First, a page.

With the nose of the ball almost touching the Nebraska goal line, Tommy Armstrong Jr. heaved a long pass to Enunwa, who caught it at the 45, shed a defender and raced 55 yards for the score. They were backed up because, on the previous play, Armstrong was sacked by Georgia linebacker Jordan Jenkins, who later became Enunwa's teammate with the Jets. Small world, right?

In Nebraska, Enunwa always will be remembered for that play. With the Jets, it's the exact opposite. He's developing a reputation as a possession receiver -- Mr. Bubble Screen. Of his 29 targets, 12 have come within 5 yards of the line of scrimmage, including 9 behind the line. It was Darnold's only effective play last week: rapid-fire throws to Enunwa. Pretty soon, "Q," as he's known to teammates, will stand for "Quick."

When it was suggested that he has developed a nice chemistry with Darnold, Enunwa demurred.

"If you look at the last game, everything was manufactured," Enunwa said. "It was all manufactured. It wasn’t like I was getting open or anything. For me, the coaches are seeing I have the ability to get yards after the catch, so they're trying to get me the ball in those situations. In terms of chemistry, I can’t say this last game really showed we have much chemistry."

Obviously, Enunwa would like to have an expanded role. Stay tuned.

4. ASJ, the one that got away: I think some fans are wondering why the Jets didn't make a stronger effort to re-sign tight end Austin Seferian-Jenkins, whom they face Sunday. He signed a two-year, $10 million contract with the Jaguars, including a $4 million guarantee -- a solid deal, but certainly not a bank-breaker. The Jets, who took him off the scrap heap and supported him through his well-documented battle with alcohol, refused to budge on a one-year offer. Clearly, they didn't see him as a big piece in their future.

"They don't feel I'm worth it," Seferian-Jenkins told me at the time. "It's OK. I'm going to prove it these next two years and hit the Pro Bowl and then I'll come back a free agent."

In an interview with ESPN Jaguars reporter Michael DiRocco, Seferian-Jenkins spoke glowingly of the Jets, so it's easy why he'd want to return. Thing is, the Jets have four tight ends under the age of 27, making a reunion unlikely. They let Seferian-Jenkins walk, in part, because they had drafted Jordan Leggett, an ASJ clone. This year, they added Chris Herndon in the draft. They also felt Seferian-Jenkins had reached his ceiling.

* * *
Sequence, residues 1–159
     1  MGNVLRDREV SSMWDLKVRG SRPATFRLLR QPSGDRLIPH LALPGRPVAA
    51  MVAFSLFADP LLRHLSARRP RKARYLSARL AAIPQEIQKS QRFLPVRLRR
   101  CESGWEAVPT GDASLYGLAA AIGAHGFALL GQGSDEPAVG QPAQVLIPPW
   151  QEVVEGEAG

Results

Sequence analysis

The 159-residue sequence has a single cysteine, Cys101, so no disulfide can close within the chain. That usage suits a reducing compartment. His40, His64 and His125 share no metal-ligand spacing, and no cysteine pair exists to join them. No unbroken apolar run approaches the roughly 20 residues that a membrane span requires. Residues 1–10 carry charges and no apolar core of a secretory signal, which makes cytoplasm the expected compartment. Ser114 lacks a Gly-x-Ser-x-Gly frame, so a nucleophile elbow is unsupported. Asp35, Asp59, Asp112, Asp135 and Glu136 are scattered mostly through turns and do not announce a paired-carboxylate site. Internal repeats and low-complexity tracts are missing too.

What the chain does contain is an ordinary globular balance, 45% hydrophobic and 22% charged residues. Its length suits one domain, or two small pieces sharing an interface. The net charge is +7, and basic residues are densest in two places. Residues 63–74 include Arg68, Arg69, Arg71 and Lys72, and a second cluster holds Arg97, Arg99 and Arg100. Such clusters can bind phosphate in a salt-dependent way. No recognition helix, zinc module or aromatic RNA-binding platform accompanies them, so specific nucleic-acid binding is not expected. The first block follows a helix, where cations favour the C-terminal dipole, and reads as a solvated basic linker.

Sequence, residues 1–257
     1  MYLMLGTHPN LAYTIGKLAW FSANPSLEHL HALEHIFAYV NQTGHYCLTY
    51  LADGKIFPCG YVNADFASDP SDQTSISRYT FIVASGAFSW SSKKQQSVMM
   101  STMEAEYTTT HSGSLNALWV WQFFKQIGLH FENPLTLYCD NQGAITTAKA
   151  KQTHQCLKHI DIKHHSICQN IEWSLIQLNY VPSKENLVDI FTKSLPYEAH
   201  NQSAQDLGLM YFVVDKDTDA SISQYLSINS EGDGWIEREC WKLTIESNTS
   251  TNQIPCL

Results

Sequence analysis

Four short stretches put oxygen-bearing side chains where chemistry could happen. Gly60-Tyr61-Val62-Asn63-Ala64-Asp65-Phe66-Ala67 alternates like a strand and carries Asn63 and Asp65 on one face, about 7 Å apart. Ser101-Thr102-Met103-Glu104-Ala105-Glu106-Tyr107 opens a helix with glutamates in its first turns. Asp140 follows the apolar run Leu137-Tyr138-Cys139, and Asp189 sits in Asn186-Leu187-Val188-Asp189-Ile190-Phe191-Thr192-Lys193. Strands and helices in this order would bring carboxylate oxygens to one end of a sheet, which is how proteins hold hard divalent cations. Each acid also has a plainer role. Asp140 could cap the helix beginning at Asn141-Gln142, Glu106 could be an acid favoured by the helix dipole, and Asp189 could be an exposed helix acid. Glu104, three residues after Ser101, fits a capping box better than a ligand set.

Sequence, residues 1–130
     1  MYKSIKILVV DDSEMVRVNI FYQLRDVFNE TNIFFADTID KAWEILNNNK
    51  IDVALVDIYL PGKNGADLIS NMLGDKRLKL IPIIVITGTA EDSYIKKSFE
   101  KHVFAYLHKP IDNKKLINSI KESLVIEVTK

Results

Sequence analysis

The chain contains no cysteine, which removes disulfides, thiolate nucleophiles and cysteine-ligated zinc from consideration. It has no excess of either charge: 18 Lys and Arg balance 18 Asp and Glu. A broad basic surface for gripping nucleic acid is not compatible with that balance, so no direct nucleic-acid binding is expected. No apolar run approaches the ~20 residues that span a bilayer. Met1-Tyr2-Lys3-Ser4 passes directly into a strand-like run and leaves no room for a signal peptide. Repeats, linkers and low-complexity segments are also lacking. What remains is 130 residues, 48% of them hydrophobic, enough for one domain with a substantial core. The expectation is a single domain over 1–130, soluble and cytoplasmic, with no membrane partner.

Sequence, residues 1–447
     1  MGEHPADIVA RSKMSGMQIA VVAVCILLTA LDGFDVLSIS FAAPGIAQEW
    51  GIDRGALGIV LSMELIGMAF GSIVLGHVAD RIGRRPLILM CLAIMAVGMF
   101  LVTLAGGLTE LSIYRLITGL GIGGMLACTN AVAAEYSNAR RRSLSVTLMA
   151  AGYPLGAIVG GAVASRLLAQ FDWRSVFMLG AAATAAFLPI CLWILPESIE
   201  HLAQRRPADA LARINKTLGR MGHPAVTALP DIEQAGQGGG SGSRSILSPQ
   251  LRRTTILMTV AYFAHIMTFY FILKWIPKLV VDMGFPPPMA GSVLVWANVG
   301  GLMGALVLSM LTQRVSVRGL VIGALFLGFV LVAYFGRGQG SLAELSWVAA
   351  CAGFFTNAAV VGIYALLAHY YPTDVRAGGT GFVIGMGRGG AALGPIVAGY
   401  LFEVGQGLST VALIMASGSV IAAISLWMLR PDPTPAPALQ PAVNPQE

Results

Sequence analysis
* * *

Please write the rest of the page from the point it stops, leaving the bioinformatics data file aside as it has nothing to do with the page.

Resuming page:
So how's it going after three games? Neither side is tearing it up. The Jets' tight ends have combined for 10 catches, 101 yards and no touchdowns; ASJ has nine catches for 66 yards and one touchdown.

5: Rough calls: Like a lot of people around the league, coach Todd Bowles sounds confused by the new roughing-the-passer rules, saying, "I can't explain it. ... From my vantage point, the ones I've seen, those were very good plays. I don't know how to coach that in certain situations. It's very difficult to deal with."

A truly candid remark from Bowles, who usually doesn't do candid. Imagine how he'll feel if the Jets get flagged. That's right; they haven't been called for roughing the passer. Shocked, right? There have been 34 penalties leaguewide, the most through three weeks since at least 2001.

Roughing calls are damaging to the defense. Consider: The offense has scored on 63 percent of the drives in which roughing penalties are called, according to ESPN Stats & Information.

"They have to rescind that rule because it's not fair to the players," said Jenkins, who was penalized and fined in the preseason for landing with his body weight on a quarterback. "I know it's an offensive league, but it's gotten to the point where people are getting hurt. I messed my knee up, but it wasn't as bad as [Miami's William] Hayes. We're risking our bodies to protect the quarterback. I know franchise quarterbacks make the league run, but there has to be some leeway."